Inflation remained uncomfortably strong in April, signaling that efforts to combat it may not be enough to address its flight.
On Wednesday, the U.S. Bureau of Labor Statistics released the latest results of the Consumer Price Index (CPI), which showed headline inflation up 8.3% last year as of April. This increase exceeded economists’ expectations of around 8.1% and remained close to the highest levels recorded in August 1982.
Much of the increase was driven by spikes in food, energy, shelter and vehicle prices. According to the BLS, the cost of food rose 9.4% last year, while prices for energy products rose 30.3%. Fuel prices increased by 80.5% last year.
Energy prices, especially for gas, have been a major driver of inflation in the last two months. According to the American Automobile Association (AAA), the average price for a gallon of gasoline is $4.40 nationally, but goes up to $5.84 in California, where some counties report paying $6 per gallon.
Despite the dire figure, April’s CPI figures were slightly lower than in March, where they rose 8.5% year-on-year. Like the latest figures, gas and fuel prices were the main drivers of hyperinflation, with the latter showing a staggering 70.1% increase.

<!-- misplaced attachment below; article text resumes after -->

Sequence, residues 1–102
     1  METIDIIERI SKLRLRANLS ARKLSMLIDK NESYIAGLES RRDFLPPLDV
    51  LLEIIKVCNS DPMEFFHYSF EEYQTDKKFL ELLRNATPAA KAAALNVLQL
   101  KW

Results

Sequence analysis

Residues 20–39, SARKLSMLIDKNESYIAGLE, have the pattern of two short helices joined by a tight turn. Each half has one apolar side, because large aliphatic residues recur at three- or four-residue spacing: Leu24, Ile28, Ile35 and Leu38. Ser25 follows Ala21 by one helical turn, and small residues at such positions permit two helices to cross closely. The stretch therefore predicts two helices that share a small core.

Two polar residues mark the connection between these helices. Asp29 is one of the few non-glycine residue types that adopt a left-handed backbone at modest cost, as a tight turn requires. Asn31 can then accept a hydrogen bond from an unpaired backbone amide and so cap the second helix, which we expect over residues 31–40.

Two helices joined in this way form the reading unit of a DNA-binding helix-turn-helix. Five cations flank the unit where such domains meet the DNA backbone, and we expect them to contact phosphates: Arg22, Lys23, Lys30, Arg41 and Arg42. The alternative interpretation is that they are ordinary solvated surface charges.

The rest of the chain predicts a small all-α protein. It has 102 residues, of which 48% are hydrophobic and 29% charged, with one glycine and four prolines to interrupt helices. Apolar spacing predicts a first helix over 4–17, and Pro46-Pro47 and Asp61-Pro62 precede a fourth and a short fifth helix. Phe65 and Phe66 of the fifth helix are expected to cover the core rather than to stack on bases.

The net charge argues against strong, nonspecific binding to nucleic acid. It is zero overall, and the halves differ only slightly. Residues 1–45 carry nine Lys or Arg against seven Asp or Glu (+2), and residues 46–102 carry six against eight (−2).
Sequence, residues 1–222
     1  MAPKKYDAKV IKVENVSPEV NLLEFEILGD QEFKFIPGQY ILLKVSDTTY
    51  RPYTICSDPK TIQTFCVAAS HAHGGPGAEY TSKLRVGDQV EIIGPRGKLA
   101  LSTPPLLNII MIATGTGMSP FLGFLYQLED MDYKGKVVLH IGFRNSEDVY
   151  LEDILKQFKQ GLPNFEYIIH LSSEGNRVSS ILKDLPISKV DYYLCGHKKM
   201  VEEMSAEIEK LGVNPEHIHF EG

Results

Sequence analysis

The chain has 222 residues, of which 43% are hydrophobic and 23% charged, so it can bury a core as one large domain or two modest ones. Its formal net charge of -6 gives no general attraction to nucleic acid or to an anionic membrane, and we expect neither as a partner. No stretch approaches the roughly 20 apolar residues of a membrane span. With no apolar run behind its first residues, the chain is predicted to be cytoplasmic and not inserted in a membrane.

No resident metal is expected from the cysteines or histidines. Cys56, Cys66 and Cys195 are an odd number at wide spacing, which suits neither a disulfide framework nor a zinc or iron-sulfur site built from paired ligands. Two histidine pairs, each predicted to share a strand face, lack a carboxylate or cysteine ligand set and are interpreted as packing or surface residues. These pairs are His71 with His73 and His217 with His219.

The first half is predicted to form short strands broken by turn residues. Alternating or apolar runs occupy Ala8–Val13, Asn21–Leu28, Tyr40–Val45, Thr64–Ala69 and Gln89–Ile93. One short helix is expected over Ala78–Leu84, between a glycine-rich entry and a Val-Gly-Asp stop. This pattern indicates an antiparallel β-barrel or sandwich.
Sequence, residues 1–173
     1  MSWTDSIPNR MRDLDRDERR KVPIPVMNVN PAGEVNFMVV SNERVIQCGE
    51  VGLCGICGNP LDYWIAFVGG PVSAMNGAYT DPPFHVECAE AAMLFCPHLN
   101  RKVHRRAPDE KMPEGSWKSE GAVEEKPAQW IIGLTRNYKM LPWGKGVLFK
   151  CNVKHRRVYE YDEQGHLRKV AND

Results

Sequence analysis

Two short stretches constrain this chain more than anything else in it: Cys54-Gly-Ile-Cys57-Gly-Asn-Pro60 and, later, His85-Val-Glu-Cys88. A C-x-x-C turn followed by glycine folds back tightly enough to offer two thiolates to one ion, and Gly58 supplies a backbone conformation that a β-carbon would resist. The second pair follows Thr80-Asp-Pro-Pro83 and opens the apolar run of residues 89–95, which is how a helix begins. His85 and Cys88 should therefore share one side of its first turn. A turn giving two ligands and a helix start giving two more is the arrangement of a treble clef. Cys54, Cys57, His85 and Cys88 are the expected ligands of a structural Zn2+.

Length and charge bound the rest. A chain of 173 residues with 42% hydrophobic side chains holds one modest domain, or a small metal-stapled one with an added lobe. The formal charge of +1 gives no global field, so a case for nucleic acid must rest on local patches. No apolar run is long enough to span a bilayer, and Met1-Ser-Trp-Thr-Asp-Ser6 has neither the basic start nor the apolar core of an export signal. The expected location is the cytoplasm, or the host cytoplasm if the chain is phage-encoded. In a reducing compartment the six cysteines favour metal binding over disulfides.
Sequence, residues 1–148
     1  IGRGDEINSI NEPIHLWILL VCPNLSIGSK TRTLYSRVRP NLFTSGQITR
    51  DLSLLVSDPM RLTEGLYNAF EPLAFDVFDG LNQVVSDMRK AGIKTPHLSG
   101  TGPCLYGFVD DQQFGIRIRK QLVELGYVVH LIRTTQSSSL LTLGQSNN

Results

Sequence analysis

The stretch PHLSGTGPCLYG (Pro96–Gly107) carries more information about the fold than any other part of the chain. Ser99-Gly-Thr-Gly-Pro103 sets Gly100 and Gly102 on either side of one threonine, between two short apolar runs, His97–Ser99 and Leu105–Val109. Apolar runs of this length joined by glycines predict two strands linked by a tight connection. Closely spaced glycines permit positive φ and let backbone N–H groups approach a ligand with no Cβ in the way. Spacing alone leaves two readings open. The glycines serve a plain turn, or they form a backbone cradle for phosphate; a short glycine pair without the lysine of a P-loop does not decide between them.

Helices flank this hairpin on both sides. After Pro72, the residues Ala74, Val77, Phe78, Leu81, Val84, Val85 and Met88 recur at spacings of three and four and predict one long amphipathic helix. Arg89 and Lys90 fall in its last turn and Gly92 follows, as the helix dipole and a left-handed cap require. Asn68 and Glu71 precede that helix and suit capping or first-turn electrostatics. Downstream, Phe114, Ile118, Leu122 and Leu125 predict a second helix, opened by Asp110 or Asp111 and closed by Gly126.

These latest data follow the Federal Reserve’s decision last week to raise interest rates to counter inflation. On May 4, the Fed raised interest rates by half a point, dealing a serious blow to markets that were still sucked at the start of the week.
In the weeks leading up to the rate hike, analysts predict the Fed is likely to initiate a larger rate hike, but have warned it could push the economy closer to recession later in the year.
Federal Reserve Chairman Jerome Powell acknowledged that the road ahead is fraught with recession risks and variables beyond the Fed’s ability to control.
“It won’t be easy.
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